Day three in Brussels began with an early morning meeting with the provincial government negotiators for Ontario, Manitoba, Nova Scotia, Quebec, and Newfoundland – Labrador. This was an opportunity for the Trade Justice Network/RQIC delegation to raise concerns and pose questions about the status of key CETA issues such as pharmaceutical costs, water, labour standards, and the treatment of energy utilities like hydro.
Blair Redlin and Carol Ferguson then joined Larry Brown (NUPGE) and Teresa Healy (CLC) at the International Trade Union House for meetings with sisters and brothers from the European and international labour movements.
Our visit to Brussels coincided with a meeting of union researchers from around the globe organized by the International Trade Union Confederation (ITUC). This was a good opportunity to discuss CETA with specialists who work with trade agreements in a wider global context.
A second discussion was led by two faculty members with expertise in EU trade agreements from Ghent University in Belgium. Canada’s experience with the North American Free Trade Agreement (NAFTA) and its investor rights provisions is of particular interest to Europeans who are now facing a similar proposal for the CETA.
Our final meeting at ITU House was with Judith Kirton-Darling, the recently elected Confederal Secretary of the European Trade Union Confederation (ETUC), whose responsibilities include trade issues. Sister Kirton-Darling is originally from UNITE in the UK. The ETUC is the equivalent of the CLC in Europe. It is made up of 83 National Trade Union Confederations from 36 European countries as well as 12 European industry federations, with a total of 60 million members. We discussed ideas for closer work on CETA between the Canadian and European labour movements.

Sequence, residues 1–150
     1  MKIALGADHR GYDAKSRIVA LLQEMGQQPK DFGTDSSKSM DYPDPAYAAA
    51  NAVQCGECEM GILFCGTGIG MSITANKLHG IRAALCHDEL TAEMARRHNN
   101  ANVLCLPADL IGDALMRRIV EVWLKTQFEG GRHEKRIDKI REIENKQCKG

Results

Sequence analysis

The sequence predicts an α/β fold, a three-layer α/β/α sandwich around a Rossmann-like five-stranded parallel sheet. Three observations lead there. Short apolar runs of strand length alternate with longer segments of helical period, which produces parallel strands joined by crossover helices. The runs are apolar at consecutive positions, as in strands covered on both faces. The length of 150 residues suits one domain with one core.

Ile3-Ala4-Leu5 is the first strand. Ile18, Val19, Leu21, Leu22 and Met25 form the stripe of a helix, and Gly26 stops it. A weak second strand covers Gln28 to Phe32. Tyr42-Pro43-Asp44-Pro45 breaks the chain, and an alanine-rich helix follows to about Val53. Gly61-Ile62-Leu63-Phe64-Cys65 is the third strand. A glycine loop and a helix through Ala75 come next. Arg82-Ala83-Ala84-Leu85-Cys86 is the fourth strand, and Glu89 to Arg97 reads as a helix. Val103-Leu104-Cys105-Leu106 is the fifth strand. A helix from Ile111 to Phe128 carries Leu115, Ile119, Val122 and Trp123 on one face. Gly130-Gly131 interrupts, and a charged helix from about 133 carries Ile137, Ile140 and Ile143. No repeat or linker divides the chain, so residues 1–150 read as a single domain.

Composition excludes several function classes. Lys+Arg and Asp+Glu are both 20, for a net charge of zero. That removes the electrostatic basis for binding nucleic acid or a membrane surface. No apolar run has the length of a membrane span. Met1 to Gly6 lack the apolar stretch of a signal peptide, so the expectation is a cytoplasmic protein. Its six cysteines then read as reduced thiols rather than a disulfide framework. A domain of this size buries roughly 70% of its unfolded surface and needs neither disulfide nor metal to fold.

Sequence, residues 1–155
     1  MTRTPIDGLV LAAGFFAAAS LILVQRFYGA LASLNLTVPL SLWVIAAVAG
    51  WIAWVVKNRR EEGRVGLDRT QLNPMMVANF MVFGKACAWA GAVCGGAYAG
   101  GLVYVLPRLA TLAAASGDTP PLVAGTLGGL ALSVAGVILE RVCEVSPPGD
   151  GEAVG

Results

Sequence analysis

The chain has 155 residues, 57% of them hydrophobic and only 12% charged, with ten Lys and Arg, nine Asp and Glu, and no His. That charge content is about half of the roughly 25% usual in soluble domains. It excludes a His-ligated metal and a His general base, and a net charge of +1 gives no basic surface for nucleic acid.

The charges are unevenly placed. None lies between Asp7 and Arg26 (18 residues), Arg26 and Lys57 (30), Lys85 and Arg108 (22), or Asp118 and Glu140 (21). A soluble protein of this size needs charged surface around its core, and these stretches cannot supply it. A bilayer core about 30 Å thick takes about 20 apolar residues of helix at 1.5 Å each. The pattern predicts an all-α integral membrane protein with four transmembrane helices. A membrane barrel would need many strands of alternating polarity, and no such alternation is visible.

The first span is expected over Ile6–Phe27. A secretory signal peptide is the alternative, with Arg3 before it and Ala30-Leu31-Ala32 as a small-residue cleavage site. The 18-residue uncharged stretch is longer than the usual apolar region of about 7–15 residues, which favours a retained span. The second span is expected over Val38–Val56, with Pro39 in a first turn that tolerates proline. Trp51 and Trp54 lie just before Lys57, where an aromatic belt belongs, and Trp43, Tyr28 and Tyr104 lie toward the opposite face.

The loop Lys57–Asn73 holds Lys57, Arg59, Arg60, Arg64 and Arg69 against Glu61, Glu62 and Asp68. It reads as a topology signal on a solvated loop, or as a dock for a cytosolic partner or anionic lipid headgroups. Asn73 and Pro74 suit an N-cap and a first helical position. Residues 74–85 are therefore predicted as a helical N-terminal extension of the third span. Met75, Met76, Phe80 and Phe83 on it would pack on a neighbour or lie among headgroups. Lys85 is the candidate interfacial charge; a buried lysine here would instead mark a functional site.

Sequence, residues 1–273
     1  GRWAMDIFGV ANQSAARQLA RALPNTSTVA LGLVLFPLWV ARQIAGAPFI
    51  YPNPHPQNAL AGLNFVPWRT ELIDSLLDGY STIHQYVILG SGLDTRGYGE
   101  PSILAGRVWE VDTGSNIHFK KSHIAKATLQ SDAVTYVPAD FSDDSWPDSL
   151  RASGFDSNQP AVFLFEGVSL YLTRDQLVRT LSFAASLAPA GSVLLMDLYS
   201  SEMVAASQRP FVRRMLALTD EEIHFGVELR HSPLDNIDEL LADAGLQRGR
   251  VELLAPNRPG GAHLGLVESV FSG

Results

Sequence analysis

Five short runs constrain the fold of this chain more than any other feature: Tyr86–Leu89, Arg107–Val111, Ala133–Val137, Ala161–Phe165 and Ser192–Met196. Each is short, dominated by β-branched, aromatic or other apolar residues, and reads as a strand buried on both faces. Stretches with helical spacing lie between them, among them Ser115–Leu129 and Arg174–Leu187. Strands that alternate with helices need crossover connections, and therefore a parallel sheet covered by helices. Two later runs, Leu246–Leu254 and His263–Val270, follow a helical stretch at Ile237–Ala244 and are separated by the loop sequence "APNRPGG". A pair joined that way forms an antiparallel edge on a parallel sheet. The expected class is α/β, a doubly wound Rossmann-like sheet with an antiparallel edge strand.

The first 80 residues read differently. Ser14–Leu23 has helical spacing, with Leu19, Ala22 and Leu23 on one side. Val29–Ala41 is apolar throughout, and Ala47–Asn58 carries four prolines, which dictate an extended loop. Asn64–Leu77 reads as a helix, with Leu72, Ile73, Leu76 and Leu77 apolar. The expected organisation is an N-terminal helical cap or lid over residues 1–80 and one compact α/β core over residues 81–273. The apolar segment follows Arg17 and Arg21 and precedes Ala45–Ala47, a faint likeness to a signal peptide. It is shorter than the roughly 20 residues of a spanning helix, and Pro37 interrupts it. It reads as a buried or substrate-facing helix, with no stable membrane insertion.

Meanwhile, other members of the TJN/RQIC delegation spent the day meeting with European cultural groups on intellectual property provisions and seeking their support for a broad cultural exemption in CETA.
The day concluded with the full delegation meeting with Martin Koehler, international trade advisor to The Greens/European Free Alliance who briefed us on recent meetings of the European Parliament Committee on International Trade.
CUPE is part of a delegation in Europe this week to oppose the Canada-European Union trade deal called CETA (Comprehensive Economic and Trade Agreement). Negotiators for Canada and the European Union are holding a critical eighth round of negotiations for a sweeping new trade deal that increases health care costs for Canadians, threatens Canada’s public water, gives extensive powers to corporations, and limits local democratic control for municipal governments. CUPE staffers Blair Redlin and Carol Ferguson are in Brussels to lobby Members of the European Parliament (MEPs); meet with unions and civil society groups; and monitor the negotiations.
Learn more about the dangers of CETA: